It is possible that the warning you saw referred to RCE protection. “Multi-region” DVD players – even ones made by legitimate mainstream manufacturers – have been called “unlicensed” or “unapproved” devices by studios still trying to divide the global permeable marketplace into regions with impermeable boundaries and sharp corners.
Eventually the multi-region DVD players got so smart that they were software-indistinguishable from region-locked players, and the studios gave up and focused on a new threat: DVD ripping programs. As I mentioned earlier, DVDs contain executable code that tells the player what to do next – go to this menu, set this register, jump to this track or chapter, etc. That means that in the normal course of playing a DVD, there could be tracks (or individual chapters within a track) that you would never reach. Even if you tried to reach them (by using navigation buttons for “next track” or “next chapter” or whatever), those are really just commands to the DVD player and they can be overridden by code on the DVD disc that tells the DVD player to do something else. So the disc could have a bogus track or a damaged sector, and on a regular (*cough* “approved” *cough*) DVD player you would never even notice.
But DVD ripping programs don’t execute code; they blindly read every byte off the disc and decrypt it. So Sony introduced ARccOS protection, which involved placing intentionally bad sectors in parts of the DVD disc and then programming the disc to never go there during the normal course of playing it. Of course, DVD ripping programs were quickly updated to read the DVD directory structure to determine which tracks and sectors were never actually used, and if they found a bad sector in one of those tracks they simply skipped over it without complaining.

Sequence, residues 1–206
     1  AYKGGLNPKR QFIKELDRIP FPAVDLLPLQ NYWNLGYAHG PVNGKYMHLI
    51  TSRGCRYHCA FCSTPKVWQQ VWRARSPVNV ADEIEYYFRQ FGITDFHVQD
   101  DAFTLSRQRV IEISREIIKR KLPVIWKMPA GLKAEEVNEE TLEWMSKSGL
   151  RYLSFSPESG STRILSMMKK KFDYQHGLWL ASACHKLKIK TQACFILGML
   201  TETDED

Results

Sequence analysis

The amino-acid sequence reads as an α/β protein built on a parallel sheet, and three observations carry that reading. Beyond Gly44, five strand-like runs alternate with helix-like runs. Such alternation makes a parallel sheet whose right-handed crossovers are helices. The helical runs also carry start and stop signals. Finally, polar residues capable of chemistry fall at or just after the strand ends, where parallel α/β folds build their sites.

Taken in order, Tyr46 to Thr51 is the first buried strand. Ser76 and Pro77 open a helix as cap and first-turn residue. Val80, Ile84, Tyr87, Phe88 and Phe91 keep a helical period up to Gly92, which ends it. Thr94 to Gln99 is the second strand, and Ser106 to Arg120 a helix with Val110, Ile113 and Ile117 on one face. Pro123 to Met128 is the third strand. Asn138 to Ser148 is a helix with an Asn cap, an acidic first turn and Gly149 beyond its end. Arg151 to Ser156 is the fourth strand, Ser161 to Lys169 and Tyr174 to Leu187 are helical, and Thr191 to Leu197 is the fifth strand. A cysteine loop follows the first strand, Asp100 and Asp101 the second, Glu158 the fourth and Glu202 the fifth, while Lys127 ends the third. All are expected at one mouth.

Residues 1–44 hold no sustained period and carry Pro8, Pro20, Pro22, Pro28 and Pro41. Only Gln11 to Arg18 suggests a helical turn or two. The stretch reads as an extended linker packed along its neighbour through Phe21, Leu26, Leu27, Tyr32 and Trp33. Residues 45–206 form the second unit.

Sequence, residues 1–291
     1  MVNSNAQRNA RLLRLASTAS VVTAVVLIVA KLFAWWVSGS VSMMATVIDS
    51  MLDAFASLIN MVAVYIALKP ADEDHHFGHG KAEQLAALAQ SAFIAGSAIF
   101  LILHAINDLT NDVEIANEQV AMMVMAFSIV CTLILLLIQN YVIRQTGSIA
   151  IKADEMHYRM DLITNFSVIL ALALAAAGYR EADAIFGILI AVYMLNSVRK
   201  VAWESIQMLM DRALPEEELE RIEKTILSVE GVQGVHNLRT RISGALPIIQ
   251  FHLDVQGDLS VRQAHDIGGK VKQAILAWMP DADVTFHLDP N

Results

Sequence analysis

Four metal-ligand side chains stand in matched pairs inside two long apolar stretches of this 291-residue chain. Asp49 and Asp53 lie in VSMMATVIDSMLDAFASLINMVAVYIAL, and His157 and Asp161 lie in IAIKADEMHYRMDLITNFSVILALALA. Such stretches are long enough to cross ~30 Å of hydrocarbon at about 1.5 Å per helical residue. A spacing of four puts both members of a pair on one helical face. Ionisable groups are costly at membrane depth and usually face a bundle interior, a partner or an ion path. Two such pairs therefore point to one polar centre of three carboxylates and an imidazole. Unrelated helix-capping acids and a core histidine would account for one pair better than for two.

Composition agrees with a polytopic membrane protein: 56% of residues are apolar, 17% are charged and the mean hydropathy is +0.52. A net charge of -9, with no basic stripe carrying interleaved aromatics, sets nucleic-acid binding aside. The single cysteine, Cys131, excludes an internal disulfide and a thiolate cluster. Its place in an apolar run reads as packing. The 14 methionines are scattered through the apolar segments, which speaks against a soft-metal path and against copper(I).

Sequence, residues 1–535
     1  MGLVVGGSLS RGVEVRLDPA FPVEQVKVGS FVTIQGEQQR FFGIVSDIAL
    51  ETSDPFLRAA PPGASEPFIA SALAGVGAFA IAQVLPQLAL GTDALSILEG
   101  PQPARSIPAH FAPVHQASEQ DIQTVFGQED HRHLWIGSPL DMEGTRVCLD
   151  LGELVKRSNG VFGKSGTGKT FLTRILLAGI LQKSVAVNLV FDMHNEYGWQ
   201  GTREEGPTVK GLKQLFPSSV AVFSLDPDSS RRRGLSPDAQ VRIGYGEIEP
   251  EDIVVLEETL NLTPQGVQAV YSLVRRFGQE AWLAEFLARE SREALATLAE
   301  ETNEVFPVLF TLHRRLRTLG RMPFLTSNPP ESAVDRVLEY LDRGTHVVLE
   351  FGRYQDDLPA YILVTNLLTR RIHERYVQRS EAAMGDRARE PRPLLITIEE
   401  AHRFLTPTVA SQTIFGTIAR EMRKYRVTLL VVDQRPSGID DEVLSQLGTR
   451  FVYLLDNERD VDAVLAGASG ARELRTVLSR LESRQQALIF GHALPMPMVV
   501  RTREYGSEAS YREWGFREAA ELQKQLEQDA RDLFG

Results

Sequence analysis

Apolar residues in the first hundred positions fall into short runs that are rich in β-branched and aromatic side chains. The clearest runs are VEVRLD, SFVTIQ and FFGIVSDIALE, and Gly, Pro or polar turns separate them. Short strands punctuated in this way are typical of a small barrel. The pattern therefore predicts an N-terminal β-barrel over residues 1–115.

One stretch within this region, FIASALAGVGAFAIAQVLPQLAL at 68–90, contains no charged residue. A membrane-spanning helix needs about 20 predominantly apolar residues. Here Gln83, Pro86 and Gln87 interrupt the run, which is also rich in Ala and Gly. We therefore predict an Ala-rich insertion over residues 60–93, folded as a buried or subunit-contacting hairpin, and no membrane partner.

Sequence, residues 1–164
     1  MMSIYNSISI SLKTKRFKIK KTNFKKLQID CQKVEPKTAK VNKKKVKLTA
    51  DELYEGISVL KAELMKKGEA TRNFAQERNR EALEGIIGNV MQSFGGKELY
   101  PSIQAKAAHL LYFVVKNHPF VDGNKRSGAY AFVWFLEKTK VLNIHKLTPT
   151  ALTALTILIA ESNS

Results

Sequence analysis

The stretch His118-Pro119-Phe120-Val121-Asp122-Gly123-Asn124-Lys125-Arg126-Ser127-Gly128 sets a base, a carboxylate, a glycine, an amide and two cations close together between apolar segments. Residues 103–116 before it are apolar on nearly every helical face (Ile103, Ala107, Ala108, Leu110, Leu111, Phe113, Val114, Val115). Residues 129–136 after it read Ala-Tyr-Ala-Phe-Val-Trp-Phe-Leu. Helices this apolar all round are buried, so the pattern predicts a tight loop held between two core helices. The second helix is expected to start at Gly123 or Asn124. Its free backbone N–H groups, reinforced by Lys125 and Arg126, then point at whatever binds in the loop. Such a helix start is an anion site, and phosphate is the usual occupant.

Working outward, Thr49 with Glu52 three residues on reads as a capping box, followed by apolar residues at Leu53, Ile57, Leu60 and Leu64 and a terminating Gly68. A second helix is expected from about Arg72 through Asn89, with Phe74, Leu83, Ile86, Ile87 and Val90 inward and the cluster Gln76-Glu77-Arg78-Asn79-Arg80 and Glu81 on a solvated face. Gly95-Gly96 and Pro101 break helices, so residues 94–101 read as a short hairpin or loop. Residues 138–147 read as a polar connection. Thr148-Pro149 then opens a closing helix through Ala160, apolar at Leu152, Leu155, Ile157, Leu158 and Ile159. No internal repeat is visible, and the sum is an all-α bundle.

It is possible that the warning you saw referred to ARccOS protection. Sony licenses it to various other studios, and reports of its death have been greatly exaggerated. (“Pirates of the Caribbean: Dead Man’s Chest” is reported to use it, and it just came out on DVD last month.)
In 2005, Macrovision introduced yet another protection scheme called RipGuard. I have not been able to find a whole lot of technical details about how it works, except that they essentially reverse-engineered several DVD ripping programs and created a protection scheme that exploited as-yet-unknown bugs in those programs. They also claim to be able to “update” the protection for new discs as bugs are fixed in the ripper programs. (Later in 2005, Macrovision actually bought the IP for DVD Decrypter, which was at the time the most popular program for Windows, and updated RipGuard so DVD Decrypter wouldn’t work.) So basically, “RipGuard” is just a generic catch-all term for “here’s all the ways we’ve found to f*ck with you so far, but be sure to ask again tomorrow.”